Laurence Comte-Arassus, president of Medtronic France, reveals how after the global acquisition of Covidien in January 2015, France is now their second largest subsidiary in the EMEA region; how Medtronic´s three production facilities in France demonstrate a capacity to innovate domestically and serve global markets; and why her ambition is to contribute to overcoming the great challenge of tomorrow: ensuring that the country´s healthcare system remains both universal and sustainable.

You became president of Medtronic France just one month after Medtronic acquired Covidien in January 2015, in a deal worth 43 billion dollars. How challenging was it to take over a local affiliate at such a time?

It is true that I took office around the same time as the acquisition of Covidien. I was fortunate to work closely with my predecessor during the transition phase. I had been with Medtronic for the previous 15 years during which I notably developed the company’s cardiovascular, diabetes and cardiac surgery activities. All these years, I have also played an active role on the board of directors. My appointment had been carefully prepared for several years in alignment with the group’s global talent management policy. The recent incorporation of Covidien into what is now called the Minimally Invasive Group (MITG) will fulfil the ambition of positioning Medtronic as an important player in the French health industry. The move has complemented our wide scope of competencies with an advanced platform for minimally invasive surgery. Our comprehensive services now range from diagnostic to treatment and medical-follow-up. Medtronic has historically and consistently been dedicated to its Mission to alleviate pain, restore health and extend life. We have devoted considerable efforts to ensure that the Covidien team integrates this philosophy in its operations. This acquisition fully subscribes to our strategy, which is based on three pillars: therapeutic innovation, globalization and economic value.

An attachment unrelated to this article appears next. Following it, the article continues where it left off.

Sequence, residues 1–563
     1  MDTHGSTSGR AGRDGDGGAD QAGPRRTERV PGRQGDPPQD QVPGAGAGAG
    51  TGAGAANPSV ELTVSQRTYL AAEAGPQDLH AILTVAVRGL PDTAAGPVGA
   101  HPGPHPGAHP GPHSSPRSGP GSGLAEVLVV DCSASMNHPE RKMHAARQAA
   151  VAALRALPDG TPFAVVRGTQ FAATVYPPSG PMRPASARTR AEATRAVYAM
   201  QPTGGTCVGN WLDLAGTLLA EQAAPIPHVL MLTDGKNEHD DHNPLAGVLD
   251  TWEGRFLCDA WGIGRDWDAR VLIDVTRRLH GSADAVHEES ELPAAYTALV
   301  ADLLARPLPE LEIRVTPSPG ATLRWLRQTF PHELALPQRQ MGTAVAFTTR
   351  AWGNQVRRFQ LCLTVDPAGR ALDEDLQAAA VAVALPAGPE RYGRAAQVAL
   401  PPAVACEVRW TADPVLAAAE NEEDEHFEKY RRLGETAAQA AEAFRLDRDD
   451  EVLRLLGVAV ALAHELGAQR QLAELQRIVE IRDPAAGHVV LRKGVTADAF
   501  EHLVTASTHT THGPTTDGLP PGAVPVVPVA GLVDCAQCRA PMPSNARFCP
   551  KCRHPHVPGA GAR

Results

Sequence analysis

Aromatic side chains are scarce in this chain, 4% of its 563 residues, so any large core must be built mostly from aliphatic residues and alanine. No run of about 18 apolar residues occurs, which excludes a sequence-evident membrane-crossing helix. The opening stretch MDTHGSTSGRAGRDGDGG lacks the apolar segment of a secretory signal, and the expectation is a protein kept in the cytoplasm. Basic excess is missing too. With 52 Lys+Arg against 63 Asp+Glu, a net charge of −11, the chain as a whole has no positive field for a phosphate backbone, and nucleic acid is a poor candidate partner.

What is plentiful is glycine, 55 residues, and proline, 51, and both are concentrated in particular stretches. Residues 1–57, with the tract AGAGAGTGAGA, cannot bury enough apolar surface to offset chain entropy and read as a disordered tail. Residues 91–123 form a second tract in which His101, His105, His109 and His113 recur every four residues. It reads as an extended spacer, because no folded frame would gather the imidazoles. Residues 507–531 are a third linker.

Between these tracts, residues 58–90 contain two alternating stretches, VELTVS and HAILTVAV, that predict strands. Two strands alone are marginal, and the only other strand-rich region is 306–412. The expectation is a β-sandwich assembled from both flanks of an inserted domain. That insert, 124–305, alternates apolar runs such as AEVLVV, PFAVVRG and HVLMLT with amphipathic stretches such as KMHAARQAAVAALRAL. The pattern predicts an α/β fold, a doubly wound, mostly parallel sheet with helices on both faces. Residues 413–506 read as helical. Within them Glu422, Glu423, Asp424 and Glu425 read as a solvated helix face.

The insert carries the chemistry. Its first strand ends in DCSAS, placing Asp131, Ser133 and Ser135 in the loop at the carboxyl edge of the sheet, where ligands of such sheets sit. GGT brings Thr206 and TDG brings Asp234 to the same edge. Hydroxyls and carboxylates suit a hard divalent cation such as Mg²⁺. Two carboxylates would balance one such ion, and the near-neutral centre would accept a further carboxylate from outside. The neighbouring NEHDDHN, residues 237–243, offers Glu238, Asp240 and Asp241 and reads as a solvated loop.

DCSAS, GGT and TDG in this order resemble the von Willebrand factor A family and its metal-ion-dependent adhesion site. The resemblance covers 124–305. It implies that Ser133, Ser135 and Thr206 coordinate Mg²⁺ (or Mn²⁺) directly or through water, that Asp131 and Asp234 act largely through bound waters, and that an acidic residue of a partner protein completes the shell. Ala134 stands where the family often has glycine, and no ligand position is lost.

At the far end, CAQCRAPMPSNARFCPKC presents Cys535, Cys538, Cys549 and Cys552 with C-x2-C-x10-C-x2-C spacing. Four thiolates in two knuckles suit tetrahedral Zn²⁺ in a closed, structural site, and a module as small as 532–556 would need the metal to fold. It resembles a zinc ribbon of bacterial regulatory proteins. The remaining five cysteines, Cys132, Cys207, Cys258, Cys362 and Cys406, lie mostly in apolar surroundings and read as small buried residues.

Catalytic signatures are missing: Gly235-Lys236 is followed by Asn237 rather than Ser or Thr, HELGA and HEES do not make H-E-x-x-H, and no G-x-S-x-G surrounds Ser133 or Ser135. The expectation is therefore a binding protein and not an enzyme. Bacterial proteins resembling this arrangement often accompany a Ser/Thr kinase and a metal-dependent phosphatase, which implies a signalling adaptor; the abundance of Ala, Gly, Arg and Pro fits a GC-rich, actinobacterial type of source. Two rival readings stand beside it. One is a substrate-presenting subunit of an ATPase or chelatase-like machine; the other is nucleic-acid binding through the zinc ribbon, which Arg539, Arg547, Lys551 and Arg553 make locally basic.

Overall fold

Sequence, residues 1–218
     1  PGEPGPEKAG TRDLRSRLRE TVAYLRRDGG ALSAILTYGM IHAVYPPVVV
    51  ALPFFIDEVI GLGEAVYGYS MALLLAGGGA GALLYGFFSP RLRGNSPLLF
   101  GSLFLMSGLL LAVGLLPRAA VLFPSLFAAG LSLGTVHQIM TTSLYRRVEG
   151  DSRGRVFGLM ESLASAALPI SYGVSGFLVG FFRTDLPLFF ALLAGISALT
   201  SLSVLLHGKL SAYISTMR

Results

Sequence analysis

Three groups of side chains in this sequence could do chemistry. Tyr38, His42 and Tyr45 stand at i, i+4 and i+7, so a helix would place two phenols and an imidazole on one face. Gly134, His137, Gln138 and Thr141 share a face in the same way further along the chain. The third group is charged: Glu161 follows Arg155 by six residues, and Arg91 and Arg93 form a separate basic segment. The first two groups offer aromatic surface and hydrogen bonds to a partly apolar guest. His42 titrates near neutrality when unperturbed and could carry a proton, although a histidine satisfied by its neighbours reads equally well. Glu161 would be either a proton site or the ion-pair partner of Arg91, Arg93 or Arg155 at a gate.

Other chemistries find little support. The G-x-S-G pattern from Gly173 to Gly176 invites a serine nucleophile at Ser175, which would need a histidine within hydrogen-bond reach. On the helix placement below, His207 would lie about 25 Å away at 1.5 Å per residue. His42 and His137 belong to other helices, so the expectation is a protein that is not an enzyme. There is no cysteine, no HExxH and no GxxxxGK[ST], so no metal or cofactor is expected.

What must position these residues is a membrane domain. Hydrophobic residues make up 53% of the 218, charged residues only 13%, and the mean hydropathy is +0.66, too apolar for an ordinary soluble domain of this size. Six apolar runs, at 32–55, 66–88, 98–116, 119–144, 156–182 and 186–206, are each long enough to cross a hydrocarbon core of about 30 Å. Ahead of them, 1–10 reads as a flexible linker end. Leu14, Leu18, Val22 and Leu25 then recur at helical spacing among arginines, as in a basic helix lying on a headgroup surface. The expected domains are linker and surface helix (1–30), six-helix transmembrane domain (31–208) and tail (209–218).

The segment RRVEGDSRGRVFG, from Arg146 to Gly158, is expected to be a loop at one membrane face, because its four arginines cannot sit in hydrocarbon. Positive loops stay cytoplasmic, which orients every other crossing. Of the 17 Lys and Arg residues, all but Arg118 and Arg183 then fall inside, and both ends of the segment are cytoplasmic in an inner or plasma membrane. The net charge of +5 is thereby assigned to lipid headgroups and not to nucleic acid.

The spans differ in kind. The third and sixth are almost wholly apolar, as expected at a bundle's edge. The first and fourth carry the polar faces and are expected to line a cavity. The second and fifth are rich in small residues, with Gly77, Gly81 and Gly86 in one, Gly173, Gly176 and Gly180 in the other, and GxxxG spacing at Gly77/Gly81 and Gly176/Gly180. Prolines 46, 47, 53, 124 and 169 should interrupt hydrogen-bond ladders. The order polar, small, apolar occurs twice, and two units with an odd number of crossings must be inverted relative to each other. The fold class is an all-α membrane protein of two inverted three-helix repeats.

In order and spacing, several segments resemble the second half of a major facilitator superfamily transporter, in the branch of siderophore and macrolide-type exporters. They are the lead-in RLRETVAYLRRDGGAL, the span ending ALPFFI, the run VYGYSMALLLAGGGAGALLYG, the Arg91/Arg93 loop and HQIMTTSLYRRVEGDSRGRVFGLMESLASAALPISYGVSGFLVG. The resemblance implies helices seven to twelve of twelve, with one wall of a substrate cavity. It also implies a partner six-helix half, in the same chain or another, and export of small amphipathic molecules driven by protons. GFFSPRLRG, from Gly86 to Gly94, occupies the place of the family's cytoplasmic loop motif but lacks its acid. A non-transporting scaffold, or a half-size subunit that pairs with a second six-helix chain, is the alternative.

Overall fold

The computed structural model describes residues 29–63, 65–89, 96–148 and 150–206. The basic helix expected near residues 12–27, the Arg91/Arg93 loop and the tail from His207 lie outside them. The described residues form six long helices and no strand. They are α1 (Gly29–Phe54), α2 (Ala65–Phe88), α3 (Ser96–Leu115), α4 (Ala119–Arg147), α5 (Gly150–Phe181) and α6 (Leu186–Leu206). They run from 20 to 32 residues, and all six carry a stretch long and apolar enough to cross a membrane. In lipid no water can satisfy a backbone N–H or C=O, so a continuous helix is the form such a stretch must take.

How smooth has the integration process regarding Covidien´s activities in France been?